Commentary — May 17, 2012, 11:18 am

From Ph.D. to Escort: How Debt Can Change Students

This is an excerpt from Thomas Frank’s “The Price of Admission,” which appears in the June 2012 issue of Harper’s Magazine. If you’re already a subscriber, you can sign in or register for access to the entire article. If you’re not, please proceed here to subscribe. For $16.97 per year, you’ll gain access to all of Thomas Frank’s columns, along with 162 years of one of America’s finest magazines.

Massive indebtedness changes a person, maybe even more than a college education does, and it’s reasonable to suspect that the politicos who have allowed the tuition disaster to take its course know this. To saddle young people with enormous, inescapable debt—total student debt is now more than one trillion dollars—is ultimately to transform them into profit­-maximizing machines. I mean, working as a schoolteacher or an editorial assistant at a publishing house isn’t going to help you chip away at that forty grand you owe. You can’t get out of it by bankruptcy, either. And our political leaders, lost in a fantasy of punitive individualism, certainly won’t propose the bailout measures they could take to rescue the young from the crushing burden.

What will happen to the young debtors instead is that they will become Homo economicus, whether or not they studied that noble creature. David Graeber, the anthropologist who wrote the soon-to-be-classic Debt: The First 5,000 Years, likens the process to a horror movie, in which the zombies or the vampires attack the humans as a kind of recruitment policy. “They turn you into one of them,” as Graeber told me.

Actually, they do worse than that. Graeber relates the story of a woman he met who got a Ph.D. from Columbia University, but whose $80,000 debt load put an academic career off-limits, since adjuncts earn close to nothing. Instead, the woman wound up working as an escort for Wall Street types. “Here’s someone who ought to be a professor,” Graeber explains, “doing sexual services for the guys who lent her the money.”

The story hit home for me, because I, too, wanted to be a professor once. I remember the waves of enlightenment that washed over me in my first few years in college, the ecstasy of finally beginning to understand what moved human affairs this way or that, the exciting sense of a generation arriving at a shared sensibility. Oh, I might have gone on doing that kind of work forever, whether or not it made me rich, if journalism had not intervened.

It’s hard to find that kind of ecstasy among the current crop of college graduates. The sensibility shared by their generation seems to revolve around student debt, which has been clamped onto them like some sort of interest-bearing iron maiden. They’ve been screwed—that’s what their moment of enlightenment has taught them.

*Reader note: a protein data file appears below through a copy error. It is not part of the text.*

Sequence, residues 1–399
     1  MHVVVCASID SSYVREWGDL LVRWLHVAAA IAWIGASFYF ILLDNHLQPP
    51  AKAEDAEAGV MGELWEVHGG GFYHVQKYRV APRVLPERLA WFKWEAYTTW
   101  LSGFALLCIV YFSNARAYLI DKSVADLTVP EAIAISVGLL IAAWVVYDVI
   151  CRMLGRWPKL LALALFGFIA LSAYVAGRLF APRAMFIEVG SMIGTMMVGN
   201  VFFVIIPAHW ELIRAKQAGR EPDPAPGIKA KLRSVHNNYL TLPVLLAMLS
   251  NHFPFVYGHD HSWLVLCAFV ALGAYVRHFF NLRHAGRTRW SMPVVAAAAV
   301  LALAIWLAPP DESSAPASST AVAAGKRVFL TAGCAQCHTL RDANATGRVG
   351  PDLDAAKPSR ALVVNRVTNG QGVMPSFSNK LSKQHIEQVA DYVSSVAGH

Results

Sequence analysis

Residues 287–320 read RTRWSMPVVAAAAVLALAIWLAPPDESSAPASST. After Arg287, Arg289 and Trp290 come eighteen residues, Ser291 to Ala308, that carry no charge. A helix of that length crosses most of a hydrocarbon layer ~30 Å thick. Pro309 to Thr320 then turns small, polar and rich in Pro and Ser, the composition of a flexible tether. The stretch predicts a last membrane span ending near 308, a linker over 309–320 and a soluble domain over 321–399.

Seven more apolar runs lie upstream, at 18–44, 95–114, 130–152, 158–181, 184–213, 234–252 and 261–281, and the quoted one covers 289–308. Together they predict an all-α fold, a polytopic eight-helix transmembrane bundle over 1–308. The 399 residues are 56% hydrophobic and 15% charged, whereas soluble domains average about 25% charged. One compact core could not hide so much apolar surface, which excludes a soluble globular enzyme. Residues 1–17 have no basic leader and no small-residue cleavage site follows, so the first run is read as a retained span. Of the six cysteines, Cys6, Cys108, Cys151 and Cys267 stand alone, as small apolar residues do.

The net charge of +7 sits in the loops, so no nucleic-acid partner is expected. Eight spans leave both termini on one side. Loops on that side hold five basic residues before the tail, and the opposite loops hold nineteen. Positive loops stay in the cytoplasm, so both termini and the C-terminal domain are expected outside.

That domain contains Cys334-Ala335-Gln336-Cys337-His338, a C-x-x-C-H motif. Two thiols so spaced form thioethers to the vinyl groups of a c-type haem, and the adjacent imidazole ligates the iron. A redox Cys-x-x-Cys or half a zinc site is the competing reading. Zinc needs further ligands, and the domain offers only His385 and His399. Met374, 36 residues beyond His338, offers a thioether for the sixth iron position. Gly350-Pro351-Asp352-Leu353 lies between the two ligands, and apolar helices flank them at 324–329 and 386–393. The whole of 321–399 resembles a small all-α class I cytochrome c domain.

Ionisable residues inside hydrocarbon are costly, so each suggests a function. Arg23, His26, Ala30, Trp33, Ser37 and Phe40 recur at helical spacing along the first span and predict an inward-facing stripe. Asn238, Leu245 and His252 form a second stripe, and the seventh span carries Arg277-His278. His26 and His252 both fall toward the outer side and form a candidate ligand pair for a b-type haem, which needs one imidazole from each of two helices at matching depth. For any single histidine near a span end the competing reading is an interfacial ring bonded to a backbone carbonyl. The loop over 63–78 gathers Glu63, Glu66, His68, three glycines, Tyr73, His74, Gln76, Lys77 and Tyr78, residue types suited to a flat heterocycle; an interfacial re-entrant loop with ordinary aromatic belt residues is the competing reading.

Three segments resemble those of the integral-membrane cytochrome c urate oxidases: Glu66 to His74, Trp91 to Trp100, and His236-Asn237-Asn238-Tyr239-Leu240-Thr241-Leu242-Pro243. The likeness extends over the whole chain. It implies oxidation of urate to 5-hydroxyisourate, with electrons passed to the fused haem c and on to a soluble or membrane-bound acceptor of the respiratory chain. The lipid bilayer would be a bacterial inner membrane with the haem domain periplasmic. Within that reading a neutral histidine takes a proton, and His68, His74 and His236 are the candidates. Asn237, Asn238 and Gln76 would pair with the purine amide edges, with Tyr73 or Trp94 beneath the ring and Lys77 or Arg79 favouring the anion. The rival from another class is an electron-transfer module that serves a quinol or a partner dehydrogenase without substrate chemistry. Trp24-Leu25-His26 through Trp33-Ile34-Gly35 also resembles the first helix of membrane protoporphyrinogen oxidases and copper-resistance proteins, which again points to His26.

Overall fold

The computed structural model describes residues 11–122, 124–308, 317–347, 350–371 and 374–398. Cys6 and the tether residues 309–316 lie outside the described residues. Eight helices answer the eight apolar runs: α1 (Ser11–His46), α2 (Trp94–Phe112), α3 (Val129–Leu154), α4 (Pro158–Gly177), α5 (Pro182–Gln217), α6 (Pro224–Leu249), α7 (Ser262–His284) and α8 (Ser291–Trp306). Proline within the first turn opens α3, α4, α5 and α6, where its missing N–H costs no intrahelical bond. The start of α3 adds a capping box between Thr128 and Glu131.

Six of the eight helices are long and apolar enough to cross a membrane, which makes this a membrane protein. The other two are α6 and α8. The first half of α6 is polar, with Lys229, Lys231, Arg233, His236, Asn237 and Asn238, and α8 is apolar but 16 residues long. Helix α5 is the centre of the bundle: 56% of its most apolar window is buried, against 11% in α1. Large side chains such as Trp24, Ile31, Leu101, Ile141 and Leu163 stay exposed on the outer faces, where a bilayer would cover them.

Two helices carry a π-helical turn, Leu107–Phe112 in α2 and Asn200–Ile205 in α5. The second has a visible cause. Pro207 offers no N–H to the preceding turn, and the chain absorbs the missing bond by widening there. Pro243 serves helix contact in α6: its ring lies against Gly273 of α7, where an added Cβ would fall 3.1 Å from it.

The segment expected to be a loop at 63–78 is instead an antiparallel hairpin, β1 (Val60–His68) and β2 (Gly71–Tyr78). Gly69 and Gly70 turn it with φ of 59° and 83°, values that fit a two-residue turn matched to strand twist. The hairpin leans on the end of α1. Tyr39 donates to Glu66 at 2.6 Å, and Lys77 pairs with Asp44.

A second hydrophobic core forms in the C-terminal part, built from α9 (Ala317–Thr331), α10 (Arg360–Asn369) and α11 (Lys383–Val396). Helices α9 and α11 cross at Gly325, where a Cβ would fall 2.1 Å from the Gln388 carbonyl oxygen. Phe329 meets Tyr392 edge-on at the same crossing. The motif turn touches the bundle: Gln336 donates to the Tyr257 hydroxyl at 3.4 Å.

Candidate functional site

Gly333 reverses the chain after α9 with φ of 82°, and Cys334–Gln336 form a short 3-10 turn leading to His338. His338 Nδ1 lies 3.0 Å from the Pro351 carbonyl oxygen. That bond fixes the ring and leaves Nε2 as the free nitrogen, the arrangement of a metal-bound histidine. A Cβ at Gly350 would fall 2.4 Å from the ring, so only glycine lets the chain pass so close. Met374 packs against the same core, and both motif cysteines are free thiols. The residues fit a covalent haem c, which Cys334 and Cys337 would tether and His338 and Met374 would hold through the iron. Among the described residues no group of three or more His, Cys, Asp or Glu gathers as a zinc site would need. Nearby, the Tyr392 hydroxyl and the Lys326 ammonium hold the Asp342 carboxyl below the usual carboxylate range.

To read the rest of Thomas Frank’s Easy Chair column on college tuition, subscribe to Harper’s Magazine for $19.97 per year. If you’re already a subscriber, you can sign in or register for access to the article, along with 162 years of Harper’s.

Share
Single Page
undefined

More from Thomas Frank:

From the January 2014 issue

Donkey Business

Get access to 164 years of
Harper’s for only $39.99

United States Canada

CATEGORIES

THE CURRENT ISSUE

January 2015

Come With Us If You Want to Live

= Subscribers only.
Sign in here.
Subscribe here.

The Body Politic

= Subscribers only.
Sign in here.
Subscribe here.

The Problem of Pain Management

= Subscribers only.
Sign in here.
Subscribe here.

Game On

= Subscribers only.
Sign in here.
Subscribe here.

Love Crimes

= Subscribers only.
Sign in here.
Subscribe here.

view Table Content

FEATURED ON HARPERS.ORG

Article
The Body Politic·

= Subscribers only.
Sign in here.
Subscribe here.

“‘He wrote all these love poems, but he was a son of a bitch,’ said a reporter from a wire service.”
Illustration by Steven Dana
Article
Love Crimes·

= Subscribers only.
Sign in here.
Subscribe here.

“If a man rapes a woman, she might be forced to marry him, because in Afghanistan sex before marriage is dishonorable.”
Photographs © Andrew Quilty/Oculi/Agence VU
Article
Game On·

= Subscribers only.
Sign in here.
Subscribe here.

“The end of the Cold War and the collapse of the Soviet Union had posed a truly existential threat.”
Illustration by Taylor Callery
Article
Come With Us If You Want to Live·

= Subscribers only.
Sign in here.
Subscribe here.

“I was startled that all these negative ideologies could be condensed so easily into a positive worldview.”
Illustration by Darrel Rees
Article
Christmas in Prison·

= Subscribers only.
Sign in here.
Subscribe here.

“Just so you motherfuckers know, I’ll be spending Christmas with my family, eating a good meal, and you’ll all be here, right where you belong.”
Photographer unknown. Artwork courtesy Alyse Emdur

Acres of hemp grown by “patriotic‚” U.S. farmers in 1942 at the behest of the U.S. government:

36,000

A study suggested that the health effects of exposure to nuclear radiation at Chernobyl were no worse than ill health resulting from smoking and normal urban air pollution.

Greenpeace apologized after activists accidentally defaced the site of Peru’s 2,000-year-old Nazca Lines when they unfurled cloth letters reading “time for change” near the ancient sand drawings. “We fully understand,” the group wrote in a statement, “that this looks bad.”

Subscribe to the Weekly Review newsletter. Don’t worry, we won’t sell your email address!

HARPER’S FINEST

In Praise of Idleness

By

I hope that after reading the following pages the leaders of the Y. M. C. A. will start a campaign to induce good young men to do nothing. If so, I shall not have lived in vain.

Subscribe Today